WASHINGTON (Diya TV) — The U.S. Food and Drug Administration (FDA) has launched an inquiry into spice blends produced by Indian companies MDH and Everest following allegations of elevated levels of cancer-causing pesticides. This move comes after Hong Kong halted the sale of certain MDH and Everest spice mixes due to suspected contamination with ethylene oxide, a potentially hazardous substance.

According to a Reuters report, the FDA is actively examining the reports of potential health risks associated with these spice blends. A spokesperson for the agency confirmed that they are currently gathering additional information to better understand the situation.

Everest, one of the companies implicated, has strongly defended the safety of its products for consumption. The company asserted that its spices undergo rigorous testing and obtain necessary clearances from Indian Spice Board laboratories before export, as reported by Hindustan Times.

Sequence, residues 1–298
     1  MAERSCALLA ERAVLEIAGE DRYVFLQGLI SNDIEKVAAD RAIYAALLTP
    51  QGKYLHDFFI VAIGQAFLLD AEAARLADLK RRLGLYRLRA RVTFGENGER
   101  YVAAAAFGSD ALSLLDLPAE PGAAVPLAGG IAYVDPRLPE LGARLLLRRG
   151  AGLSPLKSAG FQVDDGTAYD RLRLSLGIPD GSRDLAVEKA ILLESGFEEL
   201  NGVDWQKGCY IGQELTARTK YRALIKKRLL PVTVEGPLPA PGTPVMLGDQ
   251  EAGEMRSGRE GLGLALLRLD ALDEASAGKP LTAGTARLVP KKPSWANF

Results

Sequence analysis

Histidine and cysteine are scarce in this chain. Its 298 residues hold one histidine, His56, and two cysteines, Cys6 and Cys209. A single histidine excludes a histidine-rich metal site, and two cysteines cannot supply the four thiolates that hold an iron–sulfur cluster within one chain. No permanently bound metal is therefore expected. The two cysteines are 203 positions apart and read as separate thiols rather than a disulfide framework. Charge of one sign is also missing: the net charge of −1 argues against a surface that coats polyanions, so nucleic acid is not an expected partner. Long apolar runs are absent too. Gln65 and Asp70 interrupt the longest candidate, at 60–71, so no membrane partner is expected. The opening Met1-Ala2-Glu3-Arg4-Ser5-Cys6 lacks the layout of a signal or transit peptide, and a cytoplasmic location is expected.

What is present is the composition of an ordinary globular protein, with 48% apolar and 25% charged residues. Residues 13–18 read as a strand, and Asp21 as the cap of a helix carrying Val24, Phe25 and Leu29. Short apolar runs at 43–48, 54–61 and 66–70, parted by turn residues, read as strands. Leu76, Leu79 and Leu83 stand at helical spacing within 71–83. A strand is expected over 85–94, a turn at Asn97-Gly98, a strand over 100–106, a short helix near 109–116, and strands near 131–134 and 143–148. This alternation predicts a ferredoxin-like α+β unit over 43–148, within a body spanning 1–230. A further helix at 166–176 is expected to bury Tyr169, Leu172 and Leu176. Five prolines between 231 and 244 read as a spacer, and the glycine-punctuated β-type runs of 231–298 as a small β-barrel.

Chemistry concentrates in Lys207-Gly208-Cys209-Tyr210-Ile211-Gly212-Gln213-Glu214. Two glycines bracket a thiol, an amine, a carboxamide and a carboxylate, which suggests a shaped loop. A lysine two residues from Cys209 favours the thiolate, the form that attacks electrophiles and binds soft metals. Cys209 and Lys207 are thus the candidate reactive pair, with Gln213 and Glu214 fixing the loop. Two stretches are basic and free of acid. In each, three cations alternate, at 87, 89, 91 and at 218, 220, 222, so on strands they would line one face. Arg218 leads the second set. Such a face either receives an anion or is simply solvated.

In contrast, MDH has denied the allegations, labeling them as unfounded and lacking credible evidence. This isn’t the first time MDH has faced scrutiny; in 2019, batches of its sambar powder were recalled in the U.S. due to salmonella contamination.

India’s Spice Board, responsible for regulating spice exports, has also stepped in. It has reached out to authorities in Hong Kong and Singapore for export data and is collaborating with MDH and Everest to investigate the underlying cause of the alleged quality issues. Inspections have commenced at the respective plants to ensure compliance with regulatory standards.

Ethylene oxide, the suspected contaminant, is commonly used as a fumigating agent for spices. The U.S. Environmental Protection Agency (EPA) has classified ethylene oxide as carcinogenic to humans, citing evidence linking exposure to an increased risk of lymphoid and breast cancer.